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Dear Metro: "I can't stand the way my male workmates disrespect women in our office"

They hand out sexist nicknames and engage in juvenile behaviour

Dear Metro: I can't stand the way my male workmates disrespect women in our office

Oct 9, 2019 Society

Got issues with work, love, sex, family, friendships, money or the crushing existential angst of modern life? Each week our Metro advice columnist answers a reader’s query and (we assume) solves all their problems.

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Dear Metro,

I’m a man and I get on well with my male colleagues but I can’t stand the way they disrespect women. They give our female colleagues sexist and sexual nicknames and act like an immature boys’ club behind closed doors. I want to get on with them and be part of the team dynamic but I feel uncomfortable with this issue and can’t see a way through!

Mere Male

Dear Mere Male,

As a man, you’re in an important position here. Misogyny is difficult for women to tackle in many instances, due to the whole ‘people who are practicing it despising them’ thing. Yeah these men may love the individual women in their lives (and without getting into a bell hooks tangent about what love is and whether it can meaningfully exist alongside disrespect, we will assume they do), but they very obviously don’t particularly care about the women they work with – who incidentally neither care for or fuck them. Whether or not they truly hate women is in a way neither here nor there, what matters is that this kind of behaviour left unchecked will impact on the women in your workplace; their ability to do their jobs in an environment which makes them happy. And that’s really unfair.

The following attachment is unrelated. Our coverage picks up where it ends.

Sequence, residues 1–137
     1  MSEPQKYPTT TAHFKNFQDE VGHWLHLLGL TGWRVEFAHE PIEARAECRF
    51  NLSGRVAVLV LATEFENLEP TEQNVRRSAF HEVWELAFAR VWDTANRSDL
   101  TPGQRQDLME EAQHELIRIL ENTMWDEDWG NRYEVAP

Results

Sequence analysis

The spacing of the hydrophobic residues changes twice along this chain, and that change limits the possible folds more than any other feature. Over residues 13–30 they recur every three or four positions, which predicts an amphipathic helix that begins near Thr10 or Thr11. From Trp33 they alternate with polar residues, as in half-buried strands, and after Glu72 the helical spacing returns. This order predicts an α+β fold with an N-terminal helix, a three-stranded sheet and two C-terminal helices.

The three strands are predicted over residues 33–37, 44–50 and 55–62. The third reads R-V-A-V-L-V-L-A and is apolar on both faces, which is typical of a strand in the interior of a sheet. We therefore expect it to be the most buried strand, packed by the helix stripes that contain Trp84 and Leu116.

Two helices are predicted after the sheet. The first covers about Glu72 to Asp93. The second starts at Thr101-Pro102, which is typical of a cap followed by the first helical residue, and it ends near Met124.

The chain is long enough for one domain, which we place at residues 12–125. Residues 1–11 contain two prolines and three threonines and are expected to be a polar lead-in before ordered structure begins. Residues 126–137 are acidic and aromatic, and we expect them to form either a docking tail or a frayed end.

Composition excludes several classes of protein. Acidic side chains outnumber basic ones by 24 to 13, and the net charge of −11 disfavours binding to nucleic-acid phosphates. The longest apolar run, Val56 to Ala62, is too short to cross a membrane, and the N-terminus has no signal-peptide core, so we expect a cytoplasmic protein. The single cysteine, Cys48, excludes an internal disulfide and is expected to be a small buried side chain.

As much as it infuriates me the way women so casually have their dignity affronted with this kind of juvenile boys’ club “banter” (we’re just trying to send emails and sit through meetings and make money so we can enjoy our lives, no need to assert social dominance by reminding everyone we’re sexual beings first and foremost and human a distant second), I do get that not every man who engages in this kind of talk is a monster and I understand wanting to get along with the people you spend 8+ hours a day five days a week (or more) with.

Read last week’s Dear Metro advice: “I keep getting UTIs… how do I tell my boyfriend it might be his fault?”

I have also, through a decades-long process of trial and error, come to realise that people do not respond particularly well to being scolded, especially if you’re challenging their core beliefs about what kind of person they are (most of these men probably think their little jokes are harmless and they’re good guys), especially if you’re doing it in front of other people.

I would advise leaving judgement out of your reactions, but please do react every time. If someone refers to a woman by some yuck nickname, point out that she has a real name, use it, and say you’d prefer if others did as well. Use “I” statements – “I am feeling uncomfortable with this conversation, can we move on”, “I don’t think it’s fair to speak about our workmate like that,” “I think if [x] heard this she would feel really upset”, rather than tell them they’re being disgusting or asking them to shut the fuck up and stop being such pervy little creeps (even though that would be an accurate thing to say). Consistently shutting down this kind of conversation without taking the moral high ground or escalating tensions has more potential to change the minds and behaviour of your fellow men over time than moralistic lecturing, but you will need to keep at it.

The exceptions to this would be if a boss or manager is making these comments, in which case lay a complaint, or if the comments cross a line – which is of course subjective, but you’ll know when something needs to be swiftly condemned. Pick your battles so that when you do say something, your workmates are willing to listen.

Oh – and if one of the women in your workplace ever gets wind of any of these “jokes” and reacts with fury or hurt, back her 100%. When it’s your humanity being degraded you don’t get the luxury of detachment and measured responses, and the best thing you can have in those moments is an ally in your corner.

With love,


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